and this ‘Route’ Facade directly resolves the contracts out of service container. Though Facades are static interfaces, they have more expressive syntaxes and provide more testability and flexibility than traditional static methodology. But the advantage of ‘Contracts’ is, you can define explicit dependencies for your classes and make your application more loosely coupled. Of course for most of the applications Facades work fine. But in some cases if you want to innovate something more, you need to use Contracts. How you could implement a contract? It is extremely simple and one example can illuminate the whole conception. Actually you have used it already! Suppose you have a ‘BookController’ through which you want to maintain a long list of your favorite books. To do that you need to store books in database. To do that you can bind your ‘Book’ Model in your ‘routes.php’ first, and then using resource you can do all kind of CRUD operations. In doing so, you need to log in.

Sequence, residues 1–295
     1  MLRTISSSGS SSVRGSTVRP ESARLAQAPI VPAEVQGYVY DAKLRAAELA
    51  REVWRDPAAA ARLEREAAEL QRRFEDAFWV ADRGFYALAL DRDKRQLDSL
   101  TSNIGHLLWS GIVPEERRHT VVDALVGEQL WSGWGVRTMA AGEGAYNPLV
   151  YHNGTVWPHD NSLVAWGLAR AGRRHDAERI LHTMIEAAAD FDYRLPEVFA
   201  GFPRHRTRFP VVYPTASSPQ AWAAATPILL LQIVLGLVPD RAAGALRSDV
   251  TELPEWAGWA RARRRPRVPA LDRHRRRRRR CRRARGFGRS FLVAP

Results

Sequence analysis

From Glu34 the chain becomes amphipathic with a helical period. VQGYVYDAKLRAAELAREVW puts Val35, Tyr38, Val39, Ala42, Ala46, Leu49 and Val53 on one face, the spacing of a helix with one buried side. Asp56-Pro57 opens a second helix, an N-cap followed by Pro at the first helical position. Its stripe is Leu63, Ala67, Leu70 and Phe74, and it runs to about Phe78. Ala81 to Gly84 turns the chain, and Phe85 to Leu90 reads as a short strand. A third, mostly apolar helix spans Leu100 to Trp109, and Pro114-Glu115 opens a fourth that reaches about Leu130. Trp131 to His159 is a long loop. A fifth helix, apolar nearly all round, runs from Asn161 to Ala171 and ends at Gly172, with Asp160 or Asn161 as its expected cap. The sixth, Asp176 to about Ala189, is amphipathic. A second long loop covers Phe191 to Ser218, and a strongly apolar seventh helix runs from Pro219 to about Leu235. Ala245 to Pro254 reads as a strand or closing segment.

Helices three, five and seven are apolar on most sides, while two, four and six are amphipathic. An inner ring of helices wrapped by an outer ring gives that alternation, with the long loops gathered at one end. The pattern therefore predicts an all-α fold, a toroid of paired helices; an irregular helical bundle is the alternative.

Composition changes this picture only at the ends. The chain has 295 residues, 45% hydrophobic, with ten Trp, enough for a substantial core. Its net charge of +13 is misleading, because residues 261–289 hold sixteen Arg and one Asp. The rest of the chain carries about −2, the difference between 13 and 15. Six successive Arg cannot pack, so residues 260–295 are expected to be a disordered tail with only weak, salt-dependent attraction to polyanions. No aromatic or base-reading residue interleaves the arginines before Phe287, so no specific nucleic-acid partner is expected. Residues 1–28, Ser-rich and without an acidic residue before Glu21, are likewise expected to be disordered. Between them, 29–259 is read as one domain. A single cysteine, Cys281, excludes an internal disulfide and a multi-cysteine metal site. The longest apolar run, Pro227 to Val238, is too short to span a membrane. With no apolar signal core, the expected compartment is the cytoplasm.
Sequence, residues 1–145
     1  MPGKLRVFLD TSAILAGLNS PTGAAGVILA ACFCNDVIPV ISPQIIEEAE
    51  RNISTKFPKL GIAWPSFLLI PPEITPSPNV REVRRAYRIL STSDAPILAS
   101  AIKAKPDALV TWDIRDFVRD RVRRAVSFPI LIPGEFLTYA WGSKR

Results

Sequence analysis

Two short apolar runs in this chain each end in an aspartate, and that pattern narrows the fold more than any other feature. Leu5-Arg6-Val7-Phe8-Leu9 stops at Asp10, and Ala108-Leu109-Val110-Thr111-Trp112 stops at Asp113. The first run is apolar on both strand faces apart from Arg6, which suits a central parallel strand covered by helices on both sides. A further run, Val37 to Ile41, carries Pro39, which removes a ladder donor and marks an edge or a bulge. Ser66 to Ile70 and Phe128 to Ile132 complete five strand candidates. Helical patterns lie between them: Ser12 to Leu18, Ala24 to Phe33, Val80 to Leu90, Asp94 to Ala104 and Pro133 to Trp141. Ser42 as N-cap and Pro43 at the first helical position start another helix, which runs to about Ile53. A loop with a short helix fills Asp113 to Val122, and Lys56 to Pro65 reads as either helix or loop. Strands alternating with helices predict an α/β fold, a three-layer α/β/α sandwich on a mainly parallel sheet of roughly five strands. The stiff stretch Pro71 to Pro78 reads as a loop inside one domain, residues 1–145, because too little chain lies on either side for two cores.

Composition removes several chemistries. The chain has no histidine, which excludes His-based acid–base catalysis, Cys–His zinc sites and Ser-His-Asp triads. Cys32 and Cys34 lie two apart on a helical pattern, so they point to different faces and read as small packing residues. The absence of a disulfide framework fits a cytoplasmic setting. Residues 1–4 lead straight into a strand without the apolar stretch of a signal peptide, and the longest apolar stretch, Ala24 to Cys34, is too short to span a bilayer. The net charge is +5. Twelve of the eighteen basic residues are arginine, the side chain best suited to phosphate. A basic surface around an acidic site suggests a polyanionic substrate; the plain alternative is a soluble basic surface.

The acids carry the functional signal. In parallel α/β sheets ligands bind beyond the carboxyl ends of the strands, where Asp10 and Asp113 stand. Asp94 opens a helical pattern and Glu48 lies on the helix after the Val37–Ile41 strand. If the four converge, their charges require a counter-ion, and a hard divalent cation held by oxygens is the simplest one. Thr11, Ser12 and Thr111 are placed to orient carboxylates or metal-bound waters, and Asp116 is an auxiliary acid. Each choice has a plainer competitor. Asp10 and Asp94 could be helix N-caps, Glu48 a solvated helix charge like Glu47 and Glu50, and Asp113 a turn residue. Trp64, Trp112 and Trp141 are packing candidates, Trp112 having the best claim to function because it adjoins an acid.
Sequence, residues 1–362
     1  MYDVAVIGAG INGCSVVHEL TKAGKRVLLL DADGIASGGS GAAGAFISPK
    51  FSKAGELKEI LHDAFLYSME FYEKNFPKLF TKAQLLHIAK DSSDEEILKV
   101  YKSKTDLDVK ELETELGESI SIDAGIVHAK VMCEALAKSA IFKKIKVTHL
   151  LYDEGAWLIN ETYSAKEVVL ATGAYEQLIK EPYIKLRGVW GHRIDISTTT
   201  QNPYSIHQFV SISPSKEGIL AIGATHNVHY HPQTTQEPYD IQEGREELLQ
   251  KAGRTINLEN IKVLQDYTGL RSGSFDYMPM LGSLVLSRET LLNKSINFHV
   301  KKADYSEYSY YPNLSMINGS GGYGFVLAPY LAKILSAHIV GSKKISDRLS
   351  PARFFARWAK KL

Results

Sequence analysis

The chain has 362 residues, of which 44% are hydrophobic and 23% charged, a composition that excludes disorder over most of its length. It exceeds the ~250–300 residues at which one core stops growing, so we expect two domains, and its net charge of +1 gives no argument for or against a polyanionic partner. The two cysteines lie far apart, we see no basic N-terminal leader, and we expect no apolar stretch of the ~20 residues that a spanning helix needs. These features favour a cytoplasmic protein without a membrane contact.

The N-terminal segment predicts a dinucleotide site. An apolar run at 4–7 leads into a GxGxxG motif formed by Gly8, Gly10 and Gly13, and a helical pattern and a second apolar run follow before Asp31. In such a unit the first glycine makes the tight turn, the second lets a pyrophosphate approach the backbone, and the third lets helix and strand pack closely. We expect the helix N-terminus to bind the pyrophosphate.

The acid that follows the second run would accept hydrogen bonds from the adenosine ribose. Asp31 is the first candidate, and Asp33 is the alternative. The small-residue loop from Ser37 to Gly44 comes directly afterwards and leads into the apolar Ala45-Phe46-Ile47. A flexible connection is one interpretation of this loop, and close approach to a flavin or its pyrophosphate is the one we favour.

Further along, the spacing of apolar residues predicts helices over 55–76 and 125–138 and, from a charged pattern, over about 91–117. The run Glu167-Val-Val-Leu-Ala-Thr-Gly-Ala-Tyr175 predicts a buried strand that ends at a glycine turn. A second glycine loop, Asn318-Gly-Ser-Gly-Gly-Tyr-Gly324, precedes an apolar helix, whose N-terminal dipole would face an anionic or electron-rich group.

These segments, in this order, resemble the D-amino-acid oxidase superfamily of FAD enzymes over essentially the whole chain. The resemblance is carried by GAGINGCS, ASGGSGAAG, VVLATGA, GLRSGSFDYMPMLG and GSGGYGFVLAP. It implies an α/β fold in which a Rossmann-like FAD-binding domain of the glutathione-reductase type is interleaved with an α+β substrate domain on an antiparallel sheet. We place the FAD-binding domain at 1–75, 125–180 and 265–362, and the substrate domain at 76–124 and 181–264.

Consider this code:

public function store(Request $request)
if (Auth::check()) {
// The user is logged in...

You can check whether the user is logged in or not. And depending on that you can only add your favorite books. For checking you use ‘Auth’ Facade. And it is fine. As long as you don’t want more decoupled state it works fine. But if you rather want to follow the SOLID principle and want a more decoupled state then instead of depending on concretion you love to adopt a more robust abstract approach. And in that case Contract comes to your rescue. Taylor Otwell himself keeps git­hub repositories on Contracts so you would better have a look around it. All of the Laravel Contracts live there: